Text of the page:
A look at dysfunctional patterns in Ginny & Georgia, a series on Netflix
Warning: There may be spoilers so if you have not seen the series maybe come back after you have and then share what you think.
About the series
Ginny & Georgia is a 10 episode series that follows the life of a young mom, Georgia Miller brought to life by Brianne Howey and her teenage daughter Ginny, played by Antonia Gentry. Georgia is definitely scattered as a mother but, you can’t fault her when it comes to loving her kids the best way she knows how. Her need to escape the hard life and protect her children and all the strategies she uses to achieve this, like her Southern charm and her striking looks. The running when things get rough is exactly what creates a rift or measured conflict between her and Ginny. The dramedy begins on a light note and promises fun vibes. But rapidly turns dark and leaves you questioning, or at least left me questioning: why, as human beings, we opt to run and lie instead of stand and fix?
“We are all victims of victims,”- Louise L Hay
If we can admit this, we may begin to see that we don’t have to be ashamed of the things that happened to us when we were helpless children. Then we can hopefully be open enough to look at our traumas objectively and begin to heal from that space. Georgia decided to run from a toxic and abusive environment, and yes, I get that, we all get that. We agree with leaving a place or people who are hell-bent on causing you harm.
What I think perpetuates dysfunctional patterns, is the lying and figurative running. When you just won’t admit out loud what happened to you and pretend it has no bearing on how you currently run your life.
Georgia’s, like many mothers’, motivations are to protect, provide stability and love to her children and she does do it at any cost. She stuffs her past deep inside her, paints on a red smile and parades a happy mom who has it all together. But how can she? She didn’t have a good example of how to be a good mom. Her best hope is to do the opposite of what her own mother did. Sadly, we only outrun symptoms and not the core dysfunctional pattern.
- Instability: Georgia grows up in an unstable home, there is abuse and a complete lack of boundaries. She then runs from the outward presenting symptoms. And works hard to give her children a better life but fails to see how the constant moving is a form of instability. The changing of men in pursuit of a better life also creates instability.
- A lack of boundaries: Georgia coming from a trailer park and a mother who wasn’t concerned (it seems) implies that she grew up with no set boundaries, the very thing children need to feel safe and loved. She in turn overcompensates for this and “parents” her kids as if they are her peers. She fails to see how this can burden a child and this somewhat explains Ginny’s angst when it comes to her mother. Ginny wants her mom to be a mom.
- The rift: Georgia is clear about her rift from her original family but doesn’t recognise how her own parenting creates a rift between her and her daughter, so much so that season one ends with Ginny and her baby brother running away from their mother. The act perpetuates the RUN WHEN THINGS GET TOUGH pattern.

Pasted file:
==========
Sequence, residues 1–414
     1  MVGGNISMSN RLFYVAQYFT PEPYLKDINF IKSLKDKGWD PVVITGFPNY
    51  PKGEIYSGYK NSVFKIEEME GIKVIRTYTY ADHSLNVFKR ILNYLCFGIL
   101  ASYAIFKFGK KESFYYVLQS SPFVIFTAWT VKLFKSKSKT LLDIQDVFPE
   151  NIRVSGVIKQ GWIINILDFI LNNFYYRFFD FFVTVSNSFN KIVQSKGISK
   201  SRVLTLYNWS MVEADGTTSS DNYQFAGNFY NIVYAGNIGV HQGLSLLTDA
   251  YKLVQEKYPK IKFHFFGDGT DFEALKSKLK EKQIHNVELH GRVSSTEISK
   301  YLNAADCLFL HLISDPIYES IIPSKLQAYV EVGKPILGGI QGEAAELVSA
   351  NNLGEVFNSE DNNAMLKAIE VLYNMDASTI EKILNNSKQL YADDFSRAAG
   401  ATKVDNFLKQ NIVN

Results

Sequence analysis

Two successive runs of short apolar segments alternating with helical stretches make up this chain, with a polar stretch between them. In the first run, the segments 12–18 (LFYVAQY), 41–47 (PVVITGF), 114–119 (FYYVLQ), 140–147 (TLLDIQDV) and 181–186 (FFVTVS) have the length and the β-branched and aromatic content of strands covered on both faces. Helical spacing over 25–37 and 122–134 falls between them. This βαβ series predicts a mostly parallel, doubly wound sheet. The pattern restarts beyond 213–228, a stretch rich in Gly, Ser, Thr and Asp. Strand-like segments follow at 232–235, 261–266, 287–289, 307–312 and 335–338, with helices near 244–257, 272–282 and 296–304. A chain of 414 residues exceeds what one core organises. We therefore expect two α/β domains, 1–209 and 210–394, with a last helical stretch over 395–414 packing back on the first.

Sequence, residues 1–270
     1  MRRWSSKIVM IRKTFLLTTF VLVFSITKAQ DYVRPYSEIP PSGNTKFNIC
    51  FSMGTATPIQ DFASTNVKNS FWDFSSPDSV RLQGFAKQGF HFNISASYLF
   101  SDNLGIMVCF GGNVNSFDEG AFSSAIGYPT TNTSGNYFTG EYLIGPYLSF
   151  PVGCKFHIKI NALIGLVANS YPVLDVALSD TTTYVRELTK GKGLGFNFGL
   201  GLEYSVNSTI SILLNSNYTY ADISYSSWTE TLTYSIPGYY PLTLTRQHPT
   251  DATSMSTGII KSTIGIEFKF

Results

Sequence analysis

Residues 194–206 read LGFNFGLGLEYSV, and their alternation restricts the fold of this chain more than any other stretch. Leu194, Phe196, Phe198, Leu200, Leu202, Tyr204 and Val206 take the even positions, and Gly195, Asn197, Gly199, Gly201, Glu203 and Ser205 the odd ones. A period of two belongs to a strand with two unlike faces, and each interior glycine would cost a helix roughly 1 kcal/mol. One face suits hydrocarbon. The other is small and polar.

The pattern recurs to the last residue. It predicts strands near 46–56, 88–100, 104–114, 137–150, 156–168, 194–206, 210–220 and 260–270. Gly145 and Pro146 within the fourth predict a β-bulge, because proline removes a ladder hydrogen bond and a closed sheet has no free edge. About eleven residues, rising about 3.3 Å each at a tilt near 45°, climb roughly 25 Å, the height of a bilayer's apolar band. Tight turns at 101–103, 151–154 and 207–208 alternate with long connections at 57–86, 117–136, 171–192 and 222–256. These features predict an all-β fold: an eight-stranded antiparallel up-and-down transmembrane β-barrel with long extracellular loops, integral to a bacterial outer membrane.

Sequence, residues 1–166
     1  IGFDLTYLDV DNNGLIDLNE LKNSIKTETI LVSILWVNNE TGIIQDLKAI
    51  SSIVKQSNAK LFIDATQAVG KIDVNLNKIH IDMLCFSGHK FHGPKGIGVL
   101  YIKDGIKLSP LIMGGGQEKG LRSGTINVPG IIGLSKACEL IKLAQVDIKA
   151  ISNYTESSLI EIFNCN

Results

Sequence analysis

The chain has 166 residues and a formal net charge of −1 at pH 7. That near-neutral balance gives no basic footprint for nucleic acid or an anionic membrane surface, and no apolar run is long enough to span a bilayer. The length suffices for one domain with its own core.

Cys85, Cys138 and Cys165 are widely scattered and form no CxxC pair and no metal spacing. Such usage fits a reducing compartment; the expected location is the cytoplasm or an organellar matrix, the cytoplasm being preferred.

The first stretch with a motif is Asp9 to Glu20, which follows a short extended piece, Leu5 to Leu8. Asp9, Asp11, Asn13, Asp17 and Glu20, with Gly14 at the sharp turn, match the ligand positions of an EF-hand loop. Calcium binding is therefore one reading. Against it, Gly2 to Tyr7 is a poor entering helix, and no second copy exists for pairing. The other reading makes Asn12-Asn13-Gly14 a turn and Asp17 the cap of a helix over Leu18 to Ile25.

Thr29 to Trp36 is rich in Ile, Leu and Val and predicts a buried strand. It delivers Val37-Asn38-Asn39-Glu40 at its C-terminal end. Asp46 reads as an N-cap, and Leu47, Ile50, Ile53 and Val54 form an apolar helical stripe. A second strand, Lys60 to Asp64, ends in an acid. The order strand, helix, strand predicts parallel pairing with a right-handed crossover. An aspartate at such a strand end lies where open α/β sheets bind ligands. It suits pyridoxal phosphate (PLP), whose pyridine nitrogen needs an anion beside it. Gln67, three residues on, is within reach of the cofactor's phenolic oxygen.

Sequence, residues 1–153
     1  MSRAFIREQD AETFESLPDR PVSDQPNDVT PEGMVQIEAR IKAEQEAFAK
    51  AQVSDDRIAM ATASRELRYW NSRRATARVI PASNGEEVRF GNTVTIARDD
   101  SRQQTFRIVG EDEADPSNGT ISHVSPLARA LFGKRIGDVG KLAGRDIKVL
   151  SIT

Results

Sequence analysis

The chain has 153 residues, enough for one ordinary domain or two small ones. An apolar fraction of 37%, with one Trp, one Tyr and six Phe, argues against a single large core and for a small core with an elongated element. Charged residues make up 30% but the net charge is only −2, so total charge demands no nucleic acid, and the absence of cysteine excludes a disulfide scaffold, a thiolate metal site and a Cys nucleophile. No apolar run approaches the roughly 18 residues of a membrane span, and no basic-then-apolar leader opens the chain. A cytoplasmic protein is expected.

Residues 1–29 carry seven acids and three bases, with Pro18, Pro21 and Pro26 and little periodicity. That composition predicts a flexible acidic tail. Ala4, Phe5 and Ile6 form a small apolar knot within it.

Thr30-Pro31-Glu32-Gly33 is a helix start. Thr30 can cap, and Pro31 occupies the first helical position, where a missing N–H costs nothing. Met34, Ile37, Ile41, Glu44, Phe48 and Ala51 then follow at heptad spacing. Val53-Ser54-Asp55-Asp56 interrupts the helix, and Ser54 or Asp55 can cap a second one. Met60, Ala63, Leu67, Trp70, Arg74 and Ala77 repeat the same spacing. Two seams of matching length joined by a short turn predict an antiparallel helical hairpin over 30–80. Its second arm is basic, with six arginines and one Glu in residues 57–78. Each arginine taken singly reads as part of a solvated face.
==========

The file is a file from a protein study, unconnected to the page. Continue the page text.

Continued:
What are you running from?
We often fall into the trap of thinking because the symptoms don’t look the same the core disease doesn’t live in us. It is scary when we realize that by virtue of being in the environment and around the people we are now running from, what we are running from lives in us. It may present a little differently than what our naked eyes encountered in our childhood but the disease is the same. In Ginny & Georgia’s case, the disease is to RUN.
Discovering the patterns I have from my grandmother
One of my primary caregivers was my maternal grandmother and those who have been on this journey with me through Anathi: A Lifeless Womb and Amahle The Love You Seek, know the relationship I share with my grandmother or lack of. I have let the relationship go and any hopes of it being the ideal granny and granddaughter situation but, she did help raise me, she was instrumental in modelling what a woman is or should be. She was also instrumental in shaping my view of the world and this realization scared me.
It made me wonder what parts of me are her? And how much? And is there any hope to rid me of any of these traits? Or is it my lot to learn how to embrace what I perceive as my shadows?
I often ask myself if I am being like my grandmother in certain situations and I have found her lurking. I used to get frustrated with myself and sometimes justify how the situation needed a certain reaction but the pit of my stomach will always steer me right back to the person I am working to become. And when that feeling presents itself, I know my job is to lay down the sword and use my words to fix the mess. I know my grandmother will NEVER use her words to fix, and so at least on that front I am forging my own way.
What are you running from or working hard to heal? share in the comments or drop me an email and let’s work together to be better for ourselves and those who come after us.
If you haven’t entered this month’s #Mandsgiveawaytime, there’s still time…And stand a chance to win my budget-friendly feel-good stuff. Click here to enter